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The politics of constitutional nationalism in Northern Ireland, 1932-1970Between grievance and reconciliation$
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Christopher Norton

Print publication date: 2014

Print ISBN-13: 9780719059032

Published to Manchester Scholarship Online: September 2014

DOI: 10.7228/manchester/9780719059032.001.0001

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Deteriorating relations with Dublin, 1950–55

Deteriorating relations with Dublin, 1950–55

(p.96) 5 Deteriorating relations with Dublin, 1950–55
The politics of constitutional nationalism in Northern Ireland, 1932-1970

Christopher Norton

Manchester University Press

This chapter details the deepening strain in relations between the Dublin government and IALP. Growing frustration felt by the Irish governments Department of External Affairs over the conduct and campaigns of the IALP are dealt with at some length. Dublin’s exasperation with nationalist factionalism in the North is shown to have been mirrored by the northern nationalist’s deep distrust of Dublin. The chapter also reveals the disparity between the IALPs demand that its parliamentary representatives be given the right to take seats in the Dáil and the Irish governments concerns to keep the IALP at a distance. The chapter discusses the failed attempts to resolve northern nationalist divisions through the formation of a Unity Conference and the debilitating consequences resulting from continued tensions between the abstentionist and anti-abstentionist currents within constitutional nationalism. The faltering parliamentary strategy of the IAPL is shown to have led some senior figures to contemplate a campaign of obstruction and civil disobedience. More ominously, the chapter argues, a demoralised IAPL was now challenged by Sinn Féin’s decision to compete for the Catholic vote at the next Westminster general election.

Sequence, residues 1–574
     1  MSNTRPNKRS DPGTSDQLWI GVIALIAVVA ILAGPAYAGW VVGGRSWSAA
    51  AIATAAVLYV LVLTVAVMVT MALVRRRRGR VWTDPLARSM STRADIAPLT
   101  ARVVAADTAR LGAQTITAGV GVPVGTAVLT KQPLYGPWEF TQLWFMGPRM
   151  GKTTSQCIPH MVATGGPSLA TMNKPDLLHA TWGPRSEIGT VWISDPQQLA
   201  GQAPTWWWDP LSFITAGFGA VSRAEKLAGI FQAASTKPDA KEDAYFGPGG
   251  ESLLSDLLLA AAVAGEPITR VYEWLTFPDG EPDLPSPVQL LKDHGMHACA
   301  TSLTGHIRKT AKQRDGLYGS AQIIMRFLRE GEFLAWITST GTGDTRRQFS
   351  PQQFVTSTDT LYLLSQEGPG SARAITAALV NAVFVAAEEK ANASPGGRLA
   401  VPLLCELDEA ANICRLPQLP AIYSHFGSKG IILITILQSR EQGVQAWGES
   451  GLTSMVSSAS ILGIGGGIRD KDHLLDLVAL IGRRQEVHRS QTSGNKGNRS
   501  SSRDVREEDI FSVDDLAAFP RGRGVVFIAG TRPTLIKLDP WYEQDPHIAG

Keywords:   civil disobedience, Dáil, Department of External Affairs, factionalism, IRA, Sinn Féin, Unity Conference

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